Volunteer: Salmonid smolt run monitoring

Rotary screw trap runningDuring late summer each year, 10,000 juvenile salmon and 2,000 brown trout are tagged with passive integrated transponder (PIT) tags, the aim being to see how many have survived the winter and are heading to sea in the spring. To this end we utilise a rotary screw trap (RST) at East Stoke (BH20 6BB) on the Frome, running from late March until about mid-May, to recapture a percentage of the previous year’s PIT-tagged parr.

Years of experience of both tag detections and running of this trap have shown that the bulk of the migration happens during the hours of darkness. Operating the trap when the smolts are moving means night-time work, and as the GWCT Fisheries is a small department, we are looking for help with this project. We always have two people working at night, one of which is a staff member who holds the correct Home Office certification and experience, but the second person is where we need volunteers.

If interested in helping then you need to know that night shifts start at dusk and will continue until the early hours when most fish stop moving, presumably to avoid first light and high activity of predators such as pike. A head torch will be provided for working on the trap. We also run the trap during office hours and help during these hours may also be part of the job.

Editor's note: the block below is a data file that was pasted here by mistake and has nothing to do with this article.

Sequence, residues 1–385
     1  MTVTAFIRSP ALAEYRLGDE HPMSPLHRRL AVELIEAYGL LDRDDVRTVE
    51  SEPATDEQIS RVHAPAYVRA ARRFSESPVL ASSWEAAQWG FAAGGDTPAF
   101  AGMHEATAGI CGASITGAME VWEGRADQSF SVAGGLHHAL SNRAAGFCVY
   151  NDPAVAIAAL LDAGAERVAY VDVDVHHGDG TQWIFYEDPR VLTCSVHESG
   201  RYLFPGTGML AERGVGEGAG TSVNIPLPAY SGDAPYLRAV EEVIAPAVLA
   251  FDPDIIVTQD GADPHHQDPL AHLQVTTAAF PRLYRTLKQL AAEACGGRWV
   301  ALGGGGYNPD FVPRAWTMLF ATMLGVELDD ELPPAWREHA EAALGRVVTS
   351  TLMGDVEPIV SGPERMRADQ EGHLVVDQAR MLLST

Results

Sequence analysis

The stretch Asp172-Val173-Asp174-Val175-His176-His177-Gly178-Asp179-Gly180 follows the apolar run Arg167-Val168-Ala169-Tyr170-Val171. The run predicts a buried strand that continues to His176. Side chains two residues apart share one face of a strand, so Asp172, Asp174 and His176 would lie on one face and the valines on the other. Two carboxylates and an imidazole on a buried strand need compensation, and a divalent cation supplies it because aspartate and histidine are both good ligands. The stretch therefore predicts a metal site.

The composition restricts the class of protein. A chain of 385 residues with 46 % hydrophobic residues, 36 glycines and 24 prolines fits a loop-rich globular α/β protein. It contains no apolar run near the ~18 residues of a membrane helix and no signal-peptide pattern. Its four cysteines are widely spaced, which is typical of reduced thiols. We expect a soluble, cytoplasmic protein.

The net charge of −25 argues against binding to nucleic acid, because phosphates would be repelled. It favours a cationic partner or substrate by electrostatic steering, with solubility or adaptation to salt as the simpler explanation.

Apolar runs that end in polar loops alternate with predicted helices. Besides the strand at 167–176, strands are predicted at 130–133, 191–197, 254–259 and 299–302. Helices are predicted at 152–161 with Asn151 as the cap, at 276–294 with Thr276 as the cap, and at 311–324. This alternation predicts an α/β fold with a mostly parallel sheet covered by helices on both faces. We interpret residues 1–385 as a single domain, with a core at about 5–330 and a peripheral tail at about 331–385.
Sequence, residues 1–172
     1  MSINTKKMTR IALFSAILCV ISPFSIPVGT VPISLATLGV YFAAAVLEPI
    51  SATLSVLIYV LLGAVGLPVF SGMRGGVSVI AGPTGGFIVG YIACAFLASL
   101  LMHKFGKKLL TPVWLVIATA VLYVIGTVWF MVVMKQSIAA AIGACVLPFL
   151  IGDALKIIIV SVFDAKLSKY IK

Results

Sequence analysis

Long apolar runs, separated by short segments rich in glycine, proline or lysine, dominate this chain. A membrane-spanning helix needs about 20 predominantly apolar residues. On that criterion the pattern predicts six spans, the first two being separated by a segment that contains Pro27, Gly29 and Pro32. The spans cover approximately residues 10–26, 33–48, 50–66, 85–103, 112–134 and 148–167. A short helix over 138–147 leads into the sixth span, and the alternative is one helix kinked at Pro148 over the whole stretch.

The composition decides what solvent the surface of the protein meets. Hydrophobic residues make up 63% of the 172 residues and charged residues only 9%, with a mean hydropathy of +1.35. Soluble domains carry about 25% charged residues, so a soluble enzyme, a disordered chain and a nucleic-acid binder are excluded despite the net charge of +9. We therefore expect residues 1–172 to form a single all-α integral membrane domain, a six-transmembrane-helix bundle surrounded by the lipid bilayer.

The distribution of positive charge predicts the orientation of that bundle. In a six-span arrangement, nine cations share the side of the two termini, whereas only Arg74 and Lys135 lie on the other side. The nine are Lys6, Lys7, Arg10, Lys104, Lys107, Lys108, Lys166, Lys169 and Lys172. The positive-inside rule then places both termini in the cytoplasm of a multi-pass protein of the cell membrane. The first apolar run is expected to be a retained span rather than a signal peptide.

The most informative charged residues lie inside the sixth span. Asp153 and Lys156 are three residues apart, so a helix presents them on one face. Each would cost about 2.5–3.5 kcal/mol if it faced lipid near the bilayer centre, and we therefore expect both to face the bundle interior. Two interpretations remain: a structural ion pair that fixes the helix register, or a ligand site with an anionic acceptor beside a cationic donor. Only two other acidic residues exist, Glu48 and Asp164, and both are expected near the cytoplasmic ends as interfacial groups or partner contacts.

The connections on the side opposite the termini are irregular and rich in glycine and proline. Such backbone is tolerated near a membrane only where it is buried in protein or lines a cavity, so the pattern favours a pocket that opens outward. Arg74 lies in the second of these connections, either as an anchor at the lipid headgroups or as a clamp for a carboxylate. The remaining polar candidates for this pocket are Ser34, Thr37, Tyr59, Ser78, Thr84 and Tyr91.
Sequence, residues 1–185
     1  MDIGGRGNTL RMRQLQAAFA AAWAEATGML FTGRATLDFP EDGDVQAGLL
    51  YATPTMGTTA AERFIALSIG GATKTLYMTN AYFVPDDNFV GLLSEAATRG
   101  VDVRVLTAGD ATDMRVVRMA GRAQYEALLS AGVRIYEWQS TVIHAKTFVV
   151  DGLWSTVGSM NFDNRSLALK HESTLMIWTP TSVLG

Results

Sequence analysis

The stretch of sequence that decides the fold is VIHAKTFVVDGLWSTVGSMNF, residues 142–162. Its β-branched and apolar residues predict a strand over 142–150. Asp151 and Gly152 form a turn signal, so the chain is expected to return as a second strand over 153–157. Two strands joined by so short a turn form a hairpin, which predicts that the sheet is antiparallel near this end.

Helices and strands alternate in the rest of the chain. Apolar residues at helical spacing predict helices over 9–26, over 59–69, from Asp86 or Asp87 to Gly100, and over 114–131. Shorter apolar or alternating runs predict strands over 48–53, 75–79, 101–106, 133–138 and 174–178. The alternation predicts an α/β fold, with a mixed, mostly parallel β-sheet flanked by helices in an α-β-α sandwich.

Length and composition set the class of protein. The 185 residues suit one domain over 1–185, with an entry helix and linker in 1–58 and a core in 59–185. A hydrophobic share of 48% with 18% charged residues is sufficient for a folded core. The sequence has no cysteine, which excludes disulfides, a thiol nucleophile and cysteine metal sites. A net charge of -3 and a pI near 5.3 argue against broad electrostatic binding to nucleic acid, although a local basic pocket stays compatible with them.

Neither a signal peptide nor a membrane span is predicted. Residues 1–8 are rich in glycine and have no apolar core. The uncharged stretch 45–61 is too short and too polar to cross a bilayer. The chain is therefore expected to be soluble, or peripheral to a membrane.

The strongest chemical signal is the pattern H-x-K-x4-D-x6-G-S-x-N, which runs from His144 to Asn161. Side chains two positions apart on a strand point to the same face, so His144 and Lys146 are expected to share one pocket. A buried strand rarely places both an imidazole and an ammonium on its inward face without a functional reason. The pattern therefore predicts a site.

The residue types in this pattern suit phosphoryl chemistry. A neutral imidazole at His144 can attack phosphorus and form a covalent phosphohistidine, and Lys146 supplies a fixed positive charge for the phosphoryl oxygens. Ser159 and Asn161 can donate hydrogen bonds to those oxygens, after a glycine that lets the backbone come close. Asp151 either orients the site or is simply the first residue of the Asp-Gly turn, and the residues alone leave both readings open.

During each shift the RST is checked every half hour, when all fish are netted from the holding tank at the rear. These fish are then taken inside the fluvarium for processing before release further downstream to continue their migration. Assistance is required for the netting as well as taking of biometric data from each fish.

Although based under cover, it is still cold at night during March and April, and all volunteers should be prepared for this with plenty of warm clothing. Wellington boots are also recommended as it makes releasing the fish far easier. Some periods are very busy with lots of smolts running, whereas others are less busy so make sure to bring plenty work or reading to fill gaps in less busy periods. We consider safety a high priority (hence two people at night) and life jackets are always available whilst on the trap.

If you would like to volunteer or have any questions, please contact Luke Scott at ljscott@gwct.org.uk.

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